Why can’t we focus?
Got the attention span of a goldfish? We've got some simple techniques to help your concentration.
After this viral tweet by BBC journalist, Emily Maitlis—where she cited a complete lack of concentration or ability to get past a single page of a novel during lockdown—things really haven’t changed much. In fact, as things have progressed, staying focused has become even harder as our attention spans may have retreated even further into goldfish territory.
Things usually devoured without a second thought like podcasts, documentaries, or audiobooks—are going in one ear and out the other, or get turned off in favour of rewatching another episode of It’s Always Sunny in Philadelphia. And, if we’re honest, some days even staying focused on that is a stretch.
Here’s what’s going on:
We have unconscious anxious minds
According to this interview with New Zealand clinical psychologist Dr Kimberly Falconer, our ability to stay focused is suffering because of the increase of stress. Thanks, 2020. The sudden plunge into uncertainty and the intensive juggling act of work, home, finance, political, and health concerns can take a toll on our stress response, even if it doesn’t feel like an ‘active’ worry.
Because our situations continue to be a far cry from normality—we’re still without access to our usual coping mechanisms and support systems, and the anxiety of that is a constant factor. Even if it’s not obviously there, as soon as we stop and try to stay focused on a book, the anxiety-induced lack of attention-span becomes searingly obvious.
Then, concern for our lack of focus can cause additional worry, and make the problem worse.
What actually happens in the brain when we’re anxious?
In simple terms; when we are subject to uncontrollable stress, high levels of arousal chemicals are released into the brain, which causes the prefrontal cortex to shut down, and our “top-down” control to be impacted. This can make us forgetful, emotional, reactive, and crucially, distracted.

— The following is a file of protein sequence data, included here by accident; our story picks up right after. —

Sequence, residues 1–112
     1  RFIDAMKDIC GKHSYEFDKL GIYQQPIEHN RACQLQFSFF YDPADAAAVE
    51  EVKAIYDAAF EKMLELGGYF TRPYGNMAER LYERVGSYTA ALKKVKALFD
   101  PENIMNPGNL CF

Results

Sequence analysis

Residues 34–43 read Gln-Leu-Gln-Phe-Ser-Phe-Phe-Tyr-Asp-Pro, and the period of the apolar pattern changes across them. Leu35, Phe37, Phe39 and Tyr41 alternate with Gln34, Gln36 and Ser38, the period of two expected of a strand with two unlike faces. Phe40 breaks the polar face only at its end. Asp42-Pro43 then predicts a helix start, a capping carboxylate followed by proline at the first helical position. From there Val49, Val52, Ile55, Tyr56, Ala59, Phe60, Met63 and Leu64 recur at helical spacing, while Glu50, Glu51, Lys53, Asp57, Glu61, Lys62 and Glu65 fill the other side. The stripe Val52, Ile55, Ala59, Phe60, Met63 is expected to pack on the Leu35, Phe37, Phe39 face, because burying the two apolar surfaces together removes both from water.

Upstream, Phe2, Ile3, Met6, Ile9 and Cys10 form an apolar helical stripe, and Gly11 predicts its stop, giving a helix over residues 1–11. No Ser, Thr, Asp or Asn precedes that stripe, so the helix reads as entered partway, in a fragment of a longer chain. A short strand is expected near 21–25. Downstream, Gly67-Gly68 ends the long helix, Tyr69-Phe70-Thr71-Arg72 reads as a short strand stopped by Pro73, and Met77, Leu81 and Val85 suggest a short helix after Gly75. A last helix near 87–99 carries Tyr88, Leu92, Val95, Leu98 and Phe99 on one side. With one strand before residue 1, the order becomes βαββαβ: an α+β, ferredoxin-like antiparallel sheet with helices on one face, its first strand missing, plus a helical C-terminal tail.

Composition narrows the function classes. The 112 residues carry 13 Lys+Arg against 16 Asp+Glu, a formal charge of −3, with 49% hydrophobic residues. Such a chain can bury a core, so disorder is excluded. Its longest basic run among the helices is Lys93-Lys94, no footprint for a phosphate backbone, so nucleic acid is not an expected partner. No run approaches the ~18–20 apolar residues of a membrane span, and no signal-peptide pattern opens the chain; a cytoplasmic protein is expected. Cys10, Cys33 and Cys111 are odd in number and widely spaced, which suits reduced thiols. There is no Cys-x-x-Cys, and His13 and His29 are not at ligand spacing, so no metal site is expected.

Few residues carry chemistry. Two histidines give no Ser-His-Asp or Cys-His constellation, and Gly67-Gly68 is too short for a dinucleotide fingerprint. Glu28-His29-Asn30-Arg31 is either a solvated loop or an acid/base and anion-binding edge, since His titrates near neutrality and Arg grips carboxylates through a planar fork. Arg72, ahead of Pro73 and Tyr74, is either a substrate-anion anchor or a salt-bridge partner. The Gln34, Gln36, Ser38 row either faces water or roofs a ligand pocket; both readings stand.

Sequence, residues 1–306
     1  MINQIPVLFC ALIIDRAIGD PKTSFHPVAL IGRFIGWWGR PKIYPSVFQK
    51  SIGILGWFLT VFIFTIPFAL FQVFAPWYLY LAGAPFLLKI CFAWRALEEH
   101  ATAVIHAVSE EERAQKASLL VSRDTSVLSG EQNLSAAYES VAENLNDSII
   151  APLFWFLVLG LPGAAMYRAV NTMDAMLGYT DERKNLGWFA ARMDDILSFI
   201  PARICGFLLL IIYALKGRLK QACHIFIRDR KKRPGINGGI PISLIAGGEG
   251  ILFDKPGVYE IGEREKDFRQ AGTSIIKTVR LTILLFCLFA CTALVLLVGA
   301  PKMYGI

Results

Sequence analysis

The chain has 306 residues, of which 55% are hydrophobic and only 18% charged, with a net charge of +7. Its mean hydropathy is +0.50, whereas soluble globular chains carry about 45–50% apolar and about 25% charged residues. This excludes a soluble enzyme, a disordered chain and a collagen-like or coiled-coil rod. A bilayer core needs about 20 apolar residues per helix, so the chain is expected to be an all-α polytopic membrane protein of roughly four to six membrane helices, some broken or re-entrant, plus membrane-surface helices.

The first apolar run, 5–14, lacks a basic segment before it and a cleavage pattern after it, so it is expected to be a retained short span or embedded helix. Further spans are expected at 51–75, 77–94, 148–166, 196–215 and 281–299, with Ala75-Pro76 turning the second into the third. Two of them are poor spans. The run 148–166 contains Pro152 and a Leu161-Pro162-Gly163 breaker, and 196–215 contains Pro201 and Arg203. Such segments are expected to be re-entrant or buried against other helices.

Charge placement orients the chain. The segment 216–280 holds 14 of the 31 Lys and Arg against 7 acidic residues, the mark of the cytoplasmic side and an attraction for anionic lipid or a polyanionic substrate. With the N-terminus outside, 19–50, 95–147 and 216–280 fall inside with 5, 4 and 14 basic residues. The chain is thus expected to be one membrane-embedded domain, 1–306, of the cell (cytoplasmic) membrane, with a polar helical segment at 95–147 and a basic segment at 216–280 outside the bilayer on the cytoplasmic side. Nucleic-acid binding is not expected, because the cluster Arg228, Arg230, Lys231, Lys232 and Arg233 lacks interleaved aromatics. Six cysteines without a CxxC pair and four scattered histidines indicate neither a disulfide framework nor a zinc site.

The major functions of the prefrontal cortex include decision making, planning, patience, impulse control, working memory, and our ability to stay focused.
How to stay focused by taking control of your anxiety response
The key factor in all of this is control. Feeling out of control of the situation is what is making us anxious, flooding our brains with arousal chemicals, and making us feel so scattered. But, there are ways to still feel everything, and avoid the flood effect.
When you manage your stress response so that you feel alert, safe, and interested—the amount of chemicals is moderated. This means that the prefrontal cortex can do its job properly, and we can make better decisions, control our impulses (no more bizarre stress purchases), and vitally, regain some focus.
What to do if you need to focus for more than a minute
These simple techniques will help you to get some perspective, a sense of control and strengthen the prefrontal cortex —all aiding your ability to concentrate:
Learn how to cope with stress in this Work In with Dr Rangan Chatterjee
Use meditation to your advantage—understand how it works with teacher Natalia Bojanic
Try journalling as a way to strategically process your feelings and refocus your attention
FOR THE NERDY: The impact of anxiety on brain function (NCBI)
Want to be more productive? Here’s how to stop procrastinating.